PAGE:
Annual paraplegic huntEach year, about 25–30 paraplegic hunters sign up for the special paraplegic hunt. For many, it’s the only opportunity they have to hunt. The hunt is typically held at five sites, but this year there was no hunt in the Northern Berkshire site.

This year the hunt took place from Thursday, Oct. 29 through Saturday, Oct. 31. Only two paraplegic hunters were able to get out hunting this year in the Berkshires and they hunted out of the Southern Berkshire area. They were Vyto Sablevicius of Norwich, Mass., and Greg Baumli of New Lebanon, N.Y.

I visited the Southern Berkshire site near Mount Everett on Thursday, the first day of the hunt and it was a raw and rainy day. Unfortunately, because of the Covid-19 virus, the DCR Headquarters at Mount Washington State Forest was locked shut and no one could gain access to get out of the elements or gain access to the bathrooms. No cooking or dining was allowed inside.

Otto Maier, owner of O’s Hillside Diner in Hillsdale, heard of their plight and donated free meals to the hunters and volunteers for the three-day period, although I am not sure if anyone took advantage of the offer. Craig Willis of White Wolf Construction donated a porta-potty, Chuck Pickert, who normally provides meals using his portable smoker was not allowed to prepare any of his outstanding food as he has done in the past. A volunteer did bring a gas grill and they cooked pork chops, others brought a couple of tarps to cover them from the rain. I didn’t stay long on that day and was unable to make it there on Friday or Saturday.

Friday morning was cold with a heavy frost and later on it snowed some 6 inches on Mount Washington that day. Saturday was a better day, but quite windy.

No one bagged a deer over the weekend, although they did see a deer. Perhaps most deer just hunkered down during the nasty weather.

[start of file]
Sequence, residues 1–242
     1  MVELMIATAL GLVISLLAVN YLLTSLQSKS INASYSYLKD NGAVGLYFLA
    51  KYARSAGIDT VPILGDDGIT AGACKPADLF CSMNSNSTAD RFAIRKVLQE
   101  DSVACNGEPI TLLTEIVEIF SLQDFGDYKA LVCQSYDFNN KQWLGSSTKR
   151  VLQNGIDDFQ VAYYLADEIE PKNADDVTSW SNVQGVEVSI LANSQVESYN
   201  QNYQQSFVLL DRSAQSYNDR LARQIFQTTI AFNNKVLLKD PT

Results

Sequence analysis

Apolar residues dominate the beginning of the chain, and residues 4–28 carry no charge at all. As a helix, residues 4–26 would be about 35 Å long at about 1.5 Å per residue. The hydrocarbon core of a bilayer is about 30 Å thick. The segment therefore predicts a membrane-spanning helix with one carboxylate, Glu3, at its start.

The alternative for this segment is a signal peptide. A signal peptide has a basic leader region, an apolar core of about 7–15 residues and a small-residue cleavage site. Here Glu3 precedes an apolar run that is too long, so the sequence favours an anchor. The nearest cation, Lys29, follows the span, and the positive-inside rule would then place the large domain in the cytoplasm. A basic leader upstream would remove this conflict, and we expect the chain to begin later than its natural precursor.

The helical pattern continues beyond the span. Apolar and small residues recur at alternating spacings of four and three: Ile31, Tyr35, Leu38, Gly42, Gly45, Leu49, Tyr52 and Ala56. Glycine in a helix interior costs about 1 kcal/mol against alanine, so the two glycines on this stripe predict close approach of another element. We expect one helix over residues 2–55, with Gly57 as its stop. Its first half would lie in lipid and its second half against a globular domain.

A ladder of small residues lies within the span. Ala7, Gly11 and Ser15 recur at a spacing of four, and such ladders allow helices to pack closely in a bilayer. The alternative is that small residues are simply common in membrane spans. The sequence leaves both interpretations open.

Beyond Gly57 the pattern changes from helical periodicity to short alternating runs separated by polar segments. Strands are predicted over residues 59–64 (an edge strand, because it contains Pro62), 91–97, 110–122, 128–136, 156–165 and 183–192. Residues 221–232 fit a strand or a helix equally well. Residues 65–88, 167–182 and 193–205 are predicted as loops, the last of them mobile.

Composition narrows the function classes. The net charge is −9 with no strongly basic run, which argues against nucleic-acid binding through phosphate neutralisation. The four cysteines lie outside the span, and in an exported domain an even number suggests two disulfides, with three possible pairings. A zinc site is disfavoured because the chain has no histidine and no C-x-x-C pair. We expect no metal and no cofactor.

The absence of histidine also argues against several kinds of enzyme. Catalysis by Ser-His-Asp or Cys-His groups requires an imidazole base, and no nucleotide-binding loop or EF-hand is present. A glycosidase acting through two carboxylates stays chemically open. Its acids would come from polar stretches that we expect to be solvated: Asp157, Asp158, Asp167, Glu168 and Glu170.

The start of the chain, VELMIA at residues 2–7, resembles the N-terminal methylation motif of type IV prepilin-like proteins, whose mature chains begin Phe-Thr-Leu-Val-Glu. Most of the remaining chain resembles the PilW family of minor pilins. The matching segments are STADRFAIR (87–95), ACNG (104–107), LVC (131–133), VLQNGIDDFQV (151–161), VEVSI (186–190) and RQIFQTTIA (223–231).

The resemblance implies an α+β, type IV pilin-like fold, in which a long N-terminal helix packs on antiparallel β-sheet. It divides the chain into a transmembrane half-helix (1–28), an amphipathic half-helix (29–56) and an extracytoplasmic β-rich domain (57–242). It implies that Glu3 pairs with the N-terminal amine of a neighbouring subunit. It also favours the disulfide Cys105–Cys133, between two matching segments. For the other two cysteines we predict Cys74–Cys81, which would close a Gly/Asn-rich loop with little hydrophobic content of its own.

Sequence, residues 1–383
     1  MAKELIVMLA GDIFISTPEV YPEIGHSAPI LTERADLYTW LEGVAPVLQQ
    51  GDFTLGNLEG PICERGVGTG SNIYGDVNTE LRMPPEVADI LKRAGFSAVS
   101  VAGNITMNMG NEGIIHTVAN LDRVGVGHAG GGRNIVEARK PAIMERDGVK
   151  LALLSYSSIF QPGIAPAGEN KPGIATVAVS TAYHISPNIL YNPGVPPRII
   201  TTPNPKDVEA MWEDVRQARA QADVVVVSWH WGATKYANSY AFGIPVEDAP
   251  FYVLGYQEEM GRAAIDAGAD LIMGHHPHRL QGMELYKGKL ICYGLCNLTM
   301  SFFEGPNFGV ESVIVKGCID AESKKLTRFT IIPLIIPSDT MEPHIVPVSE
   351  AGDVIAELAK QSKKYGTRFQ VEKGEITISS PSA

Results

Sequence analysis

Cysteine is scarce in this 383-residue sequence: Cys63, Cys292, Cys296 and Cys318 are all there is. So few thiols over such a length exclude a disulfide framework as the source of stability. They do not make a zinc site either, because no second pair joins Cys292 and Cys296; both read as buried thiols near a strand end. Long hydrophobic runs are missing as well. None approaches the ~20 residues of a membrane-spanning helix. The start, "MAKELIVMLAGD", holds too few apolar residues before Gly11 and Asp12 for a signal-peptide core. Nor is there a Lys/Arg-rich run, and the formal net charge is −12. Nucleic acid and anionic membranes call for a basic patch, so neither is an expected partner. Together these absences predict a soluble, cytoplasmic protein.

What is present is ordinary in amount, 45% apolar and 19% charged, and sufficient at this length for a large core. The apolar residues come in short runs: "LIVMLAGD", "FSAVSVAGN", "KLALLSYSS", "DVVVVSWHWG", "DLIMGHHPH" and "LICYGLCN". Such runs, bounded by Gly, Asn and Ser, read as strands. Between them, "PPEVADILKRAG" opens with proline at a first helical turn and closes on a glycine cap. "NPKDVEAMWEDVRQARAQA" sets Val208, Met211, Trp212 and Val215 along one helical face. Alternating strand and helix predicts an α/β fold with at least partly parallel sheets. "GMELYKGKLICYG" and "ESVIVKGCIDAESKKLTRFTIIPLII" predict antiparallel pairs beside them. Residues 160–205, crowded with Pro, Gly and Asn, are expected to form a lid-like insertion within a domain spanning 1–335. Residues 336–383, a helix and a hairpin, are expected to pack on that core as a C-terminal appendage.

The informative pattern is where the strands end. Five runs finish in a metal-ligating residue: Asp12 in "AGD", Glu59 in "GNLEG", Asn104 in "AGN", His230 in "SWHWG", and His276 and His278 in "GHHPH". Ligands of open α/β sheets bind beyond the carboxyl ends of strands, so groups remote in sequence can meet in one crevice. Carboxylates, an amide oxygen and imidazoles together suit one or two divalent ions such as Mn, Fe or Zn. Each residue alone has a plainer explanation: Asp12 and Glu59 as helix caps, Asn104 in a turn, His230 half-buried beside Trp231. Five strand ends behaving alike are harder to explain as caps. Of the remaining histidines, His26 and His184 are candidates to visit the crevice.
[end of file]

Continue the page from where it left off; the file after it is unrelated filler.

A tip of the hat to volunteers: Sean Smith (43 years of volunteering), Marc Portieri (31), Greg Arienti (25), Fred Lampro (11), Tom Dean (11), Matt Roach (8), DFW biologist Nate Buckhout (3) and new this year was DFW’s Eli Pease, the new Western District Wildlife Technician.

In addition to the Southern Berkshires, hunts were conducted at the Quabbin Reservation, Devens Reserve Forces Training Area in Lancaster and Otis Edwards Reservation in Falmouth. Some 18 hunters participated state-wide with two deer being taken, one in the Quabbin Reservation and the other at the Devens Reserve.

Paraplegic sportsmen and women interested in taking part in the hunt should contact Susan McCarthy at 508-389-6326.

2020 Youth Deer Hunt DayMassWildlife created Youth Deer Hunt Day to allow young hunters to hunt deer with their own permit. The hunt occurs on a special one-day season before the state’s annual deer hunting seasons. Shotgun deer season regulations applied during the hunt. Licensed hunters who hunt other animals on this date must follow special restrictions.

This year 1,071 young adults participated in the Youth Deer Hunt Day which was held on Oct. 3. The preliminary harvest total was 120 deer reported through the online MassFishHunt system. The number of hunters appears to be holding around 1,000 each year. The harvest totals for the previous five years were as follows from year 2015 through 2019: 146, 131, 118, 138, and 89.

Thank you, vetsIf you happen to be out and about enjoying your favorite outdoor sport on Veteran’s Day, you might want to take a moment or two to remember and thank the veterans who sacrificed so much for our country. Shamefully, someone recently referred to them as suckers and losers. Well, some of us suckers took great offense at those words, and did not forget them when we stepped up to the voting booths last week.

Gene Chague can be reached at berkwoodsandwaters@roadrunner.com or 413-637-1818.

Gene Chague is a longtime sportsman and editor of The Eagle's Berkshire Woods and Waters outdoors column.